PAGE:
Explore 8 must-know facts about Martin Luther King Jr.

One of the most well-known individuals in American history, Martin Luther King Jr. is renowned for his support of social justice and racial equality as well as for his leadership in the civil rights movement

One of the most well-known individuals in American history, Martin Luther King Jr. is renowned for his support of social justice and racial equality as well as for his leadership in the civil rights movement

One of the most well-known individuals in American history, Martin Luther King Jr. is renowned for his support of social justice and racial equality as well as for his leadership in the civil rights movement. We must comprehend the man who inspired the movement as we pay tribute to his legacy. These are 10 facts about Martin Luther King Jr. that you should know

1. Did not plan on becoming a pastor

Dr. King was a stellar student and hailed from an educated household. He started at Morehouse College, where his grandparents and father had already gone when he was fifteen. On the other hand, unlike his father, the young Martin had no intention of becoming a preacher. 

He pursued studies in law and medicine. Theologian and Morehouse president Dr. Benjamin Mays, who was also his mentor, had a change of heart. King attended seminary after graduating, earning a Bachelor of Divinity before attending Boston University to pursue a PhD in systematic theology.

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2. Influenced by Mahatma Gandhi

Dr. King, like Mahatma Gandhi, is well-known for advocating nonviolent protest and nonviolent education. Those who knew the Indian activist well, including Mordecai Wyatt Johnson, told him about her. Johnson was among the most significant religious figures of the day.

King heard Johnson talk about Gandhi in Philadelphia in 1950. After being profoundly affected, Dr. King started reading up on Gandhi. King and other students were also taught by Howard Thurman, a Boston University professor, on Gandhi’s ideas.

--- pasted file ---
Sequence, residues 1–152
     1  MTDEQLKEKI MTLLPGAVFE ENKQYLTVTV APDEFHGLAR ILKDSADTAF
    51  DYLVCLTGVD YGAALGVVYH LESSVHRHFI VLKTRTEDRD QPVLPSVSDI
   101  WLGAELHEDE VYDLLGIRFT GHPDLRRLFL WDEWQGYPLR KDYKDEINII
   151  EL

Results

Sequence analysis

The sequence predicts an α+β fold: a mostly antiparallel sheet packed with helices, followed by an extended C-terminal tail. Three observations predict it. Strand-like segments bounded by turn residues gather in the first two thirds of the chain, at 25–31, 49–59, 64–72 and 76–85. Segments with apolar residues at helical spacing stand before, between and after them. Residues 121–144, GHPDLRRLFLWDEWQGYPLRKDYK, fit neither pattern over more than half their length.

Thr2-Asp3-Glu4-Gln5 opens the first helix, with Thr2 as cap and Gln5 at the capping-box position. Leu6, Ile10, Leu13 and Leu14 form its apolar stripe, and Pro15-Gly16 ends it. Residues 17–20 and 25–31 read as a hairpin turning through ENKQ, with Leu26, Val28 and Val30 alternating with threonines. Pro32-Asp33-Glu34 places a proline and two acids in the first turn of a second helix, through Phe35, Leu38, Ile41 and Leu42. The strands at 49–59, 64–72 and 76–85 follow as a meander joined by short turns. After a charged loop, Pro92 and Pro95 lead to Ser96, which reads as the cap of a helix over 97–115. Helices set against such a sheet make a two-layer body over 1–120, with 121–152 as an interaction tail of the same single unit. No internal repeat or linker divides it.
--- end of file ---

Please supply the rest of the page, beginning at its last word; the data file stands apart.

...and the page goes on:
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3. The Civil Rights Movement started due to a bus boycott

Rosa Parks was detained in Alabama in 1955 when she refused to give up her bus seat to a White man. Promptly, the NAACP and others called for a boycott of buses. Dr. King, who was 26 years old at the time, co-founded the Montgomery Improvement Association (MIA), which planned a 13-month boycott. 

Pushing back, the authorities even fined Black cab drivers for transporting bus boycotters. The MIA responded by setting up carpools. King’s house was bombed and he got death threats. The Supreme Court declared segregated busing to be illegal in November of 1956. 

Rosa Parks, King, and the campaign gained international recognition as a result of the boycott’s successful planning, nonviolent approach, and tenacity.

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4. Had been arrested 30 times

King encountered several obstacles as a result of his activity and resistance to White supremacy. The King Center claims that he was taken into custody thirty times. His numerous arrests and convictions for infractions including speeding, loitering, and violating police orders are documented by the King Institute at Stanford. 

Following his incarceration in 1963 during the Birmingham campaign, which involved marches and sit-ins against racism in Alabama, he penned one of his most well-known compositions, ‘Letter From Birmingham Jail.’ Lacking paper, he started writing on the scraps that were provided to him and in the newspaper margins until his attorneys could get him a proper pad of paper. Eight days later, King was set free.